Let $\mu$ be a finite measure on $\mathbb{R}$. What is the definition of the operator $d$ in the expression: $d\mu$. For example, I have an exercise where at one point:

\begin{equation} d\mu(x) = \frac{d x}{1+x^2} \end{equation}

I would said this a "differential" of $\mu$, but I can not find any definition of this kind on the Internet.


This is a notation related to Radon-Nykodym theorem. In this context, this means that for each non-negative measurable function, $$\int_{\mathbb R}f(x)d\mu(x)=\int_{\mathbb R}\frac{f(x)}{1+x^2}dx.$$

  • $\begingroup$ Or, written another way, $\frac{d\mu}{dx}=\frac{1}{1+x^2}$. $\endgroup$
    – icurays1
    Oct 11 '13 at 20:17
  • $\begingroup$ IMO this does not quite answer the question. Expressions like $dx$, $df$ are just differentials (particular cases of differential forms). What it $d\mu$? $\endgroup$
    – Alexey
    Apr 4 '15 at 9:51
  • $\begingroup$ My intuition suggests me that $d\mu$ must be something like "density" of $\mu$, but i think that in mathematics measure density is a relative notion: only density of one measure with respect to another can be defined. $\endgroup$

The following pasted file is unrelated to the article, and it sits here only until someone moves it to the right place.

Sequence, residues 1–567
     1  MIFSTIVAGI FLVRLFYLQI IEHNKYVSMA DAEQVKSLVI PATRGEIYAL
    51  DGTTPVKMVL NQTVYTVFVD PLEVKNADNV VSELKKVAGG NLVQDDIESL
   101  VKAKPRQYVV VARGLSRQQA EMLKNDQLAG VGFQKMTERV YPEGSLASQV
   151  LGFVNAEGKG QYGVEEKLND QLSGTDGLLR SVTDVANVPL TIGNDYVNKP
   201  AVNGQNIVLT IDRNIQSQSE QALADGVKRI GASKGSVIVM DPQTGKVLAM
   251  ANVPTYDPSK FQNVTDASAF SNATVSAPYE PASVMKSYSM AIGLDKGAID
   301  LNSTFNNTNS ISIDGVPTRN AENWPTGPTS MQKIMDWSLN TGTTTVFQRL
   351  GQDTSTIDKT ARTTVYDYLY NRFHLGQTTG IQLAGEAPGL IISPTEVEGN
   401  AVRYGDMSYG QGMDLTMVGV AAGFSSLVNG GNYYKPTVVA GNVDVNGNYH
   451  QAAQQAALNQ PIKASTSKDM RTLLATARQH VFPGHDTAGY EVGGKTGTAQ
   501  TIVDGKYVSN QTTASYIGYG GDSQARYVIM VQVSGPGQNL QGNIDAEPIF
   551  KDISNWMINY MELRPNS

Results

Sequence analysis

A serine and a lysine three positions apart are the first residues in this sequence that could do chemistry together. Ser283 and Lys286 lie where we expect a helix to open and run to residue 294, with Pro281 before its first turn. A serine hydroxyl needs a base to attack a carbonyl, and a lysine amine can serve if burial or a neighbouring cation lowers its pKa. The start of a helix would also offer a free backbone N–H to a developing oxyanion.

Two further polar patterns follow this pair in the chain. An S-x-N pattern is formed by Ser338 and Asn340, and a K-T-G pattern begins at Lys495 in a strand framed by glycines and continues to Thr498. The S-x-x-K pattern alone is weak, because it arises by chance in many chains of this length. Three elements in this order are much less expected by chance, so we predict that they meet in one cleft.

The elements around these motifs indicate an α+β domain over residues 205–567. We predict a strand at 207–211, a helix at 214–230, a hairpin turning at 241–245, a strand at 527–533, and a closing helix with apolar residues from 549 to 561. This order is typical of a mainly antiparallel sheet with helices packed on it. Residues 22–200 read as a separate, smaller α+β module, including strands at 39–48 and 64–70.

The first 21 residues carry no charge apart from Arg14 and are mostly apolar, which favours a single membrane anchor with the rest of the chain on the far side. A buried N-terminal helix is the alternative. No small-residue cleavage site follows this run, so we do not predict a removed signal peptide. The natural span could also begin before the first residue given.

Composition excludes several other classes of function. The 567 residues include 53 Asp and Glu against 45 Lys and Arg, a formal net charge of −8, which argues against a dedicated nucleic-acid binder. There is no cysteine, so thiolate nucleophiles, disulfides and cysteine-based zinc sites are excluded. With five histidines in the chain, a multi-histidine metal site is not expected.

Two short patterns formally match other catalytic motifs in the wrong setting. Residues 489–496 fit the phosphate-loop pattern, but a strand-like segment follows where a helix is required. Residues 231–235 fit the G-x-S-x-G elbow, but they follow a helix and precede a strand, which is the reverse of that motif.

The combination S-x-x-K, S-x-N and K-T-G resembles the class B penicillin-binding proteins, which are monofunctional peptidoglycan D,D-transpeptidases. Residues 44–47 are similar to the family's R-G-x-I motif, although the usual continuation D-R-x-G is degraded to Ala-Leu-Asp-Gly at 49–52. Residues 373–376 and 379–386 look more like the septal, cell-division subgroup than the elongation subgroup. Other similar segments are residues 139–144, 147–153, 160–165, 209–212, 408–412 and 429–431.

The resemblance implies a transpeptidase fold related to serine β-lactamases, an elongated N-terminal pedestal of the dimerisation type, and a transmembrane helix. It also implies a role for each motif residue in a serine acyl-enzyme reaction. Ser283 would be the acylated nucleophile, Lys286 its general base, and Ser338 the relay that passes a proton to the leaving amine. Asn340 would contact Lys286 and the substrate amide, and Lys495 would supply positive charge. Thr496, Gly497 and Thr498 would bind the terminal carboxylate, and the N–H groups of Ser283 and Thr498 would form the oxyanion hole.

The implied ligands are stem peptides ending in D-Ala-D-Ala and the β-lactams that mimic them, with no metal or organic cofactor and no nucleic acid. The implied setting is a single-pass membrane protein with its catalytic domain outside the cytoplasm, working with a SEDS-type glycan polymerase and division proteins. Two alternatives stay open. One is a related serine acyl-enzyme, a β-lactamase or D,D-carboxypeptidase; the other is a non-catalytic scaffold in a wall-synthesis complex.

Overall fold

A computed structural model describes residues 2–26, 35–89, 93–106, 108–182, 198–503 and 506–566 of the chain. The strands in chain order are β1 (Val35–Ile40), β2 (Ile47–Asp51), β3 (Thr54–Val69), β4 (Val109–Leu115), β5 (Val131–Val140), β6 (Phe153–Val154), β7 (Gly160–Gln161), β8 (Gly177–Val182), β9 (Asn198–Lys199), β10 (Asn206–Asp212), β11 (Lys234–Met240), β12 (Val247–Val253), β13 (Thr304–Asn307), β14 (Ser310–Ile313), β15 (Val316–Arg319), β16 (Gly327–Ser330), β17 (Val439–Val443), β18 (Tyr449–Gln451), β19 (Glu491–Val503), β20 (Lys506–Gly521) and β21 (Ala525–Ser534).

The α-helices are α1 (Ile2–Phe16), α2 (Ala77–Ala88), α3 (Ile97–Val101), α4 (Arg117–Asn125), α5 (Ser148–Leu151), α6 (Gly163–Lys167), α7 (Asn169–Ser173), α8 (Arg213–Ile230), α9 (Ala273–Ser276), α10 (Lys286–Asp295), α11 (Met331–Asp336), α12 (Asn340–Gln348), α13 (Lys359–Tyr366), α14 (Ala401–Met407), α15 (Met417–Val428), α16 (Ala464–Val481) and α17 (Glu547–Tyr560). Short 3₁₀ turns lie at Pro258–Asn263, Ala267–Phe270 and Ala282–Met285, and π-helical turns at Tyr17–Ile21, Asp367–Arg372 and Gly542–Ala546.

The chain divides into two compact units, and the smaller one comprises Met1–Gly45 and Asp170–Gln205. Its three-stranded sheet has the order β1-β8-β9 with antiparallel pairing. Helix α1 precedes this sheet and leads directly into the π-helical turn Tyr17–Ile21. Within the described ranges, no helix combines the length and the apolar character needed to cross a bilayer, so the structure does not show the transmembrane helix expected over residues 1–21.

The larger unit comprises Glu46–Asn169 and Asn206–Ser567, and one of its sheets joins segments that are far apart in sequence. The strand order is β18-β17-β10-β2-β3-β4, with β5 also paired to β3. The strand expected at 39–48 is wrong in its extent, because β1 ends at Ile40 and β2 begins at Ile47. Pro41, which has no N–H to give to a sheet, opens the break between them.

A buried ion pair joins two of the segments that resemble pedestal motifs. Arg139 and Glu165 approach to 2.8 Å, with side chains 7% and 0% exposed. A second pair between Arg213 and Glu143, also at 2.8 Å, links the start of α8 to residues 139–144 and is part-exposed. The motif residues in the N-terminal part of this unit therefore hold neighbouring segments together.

– Alexey
    Apr 4 '15 at 9:58
  • $\begingroup$ Moreover, one should ask not only for the meaning of $d\mu(x)$, but for the meaning of $f(x)d\mu(x)$. I would hope for a concise and precise answer, like in the case of $\int_a^b f(x)dx$ (here $f(x)dx$ is a differential form, to be integrated over the oriented interval $[a,b]$). $\endgroup$
    – Alexey
    Apr 4 '15 at 10:10
  • 1
    $\begingroup$ @Alexey $\int_{\mathbb R} g(x)\,dx$ probably means integration of $g$ with respect to the Lebesgue measure (or a different implicitly given measure) here. The measure $\mu$ is then defined by its density with respect to Lebesgue. Nothing in the question nor the answer are meant to be differential forms. $\endgroup$
    – epimorphic
    Apr 8 '15 at 1:34

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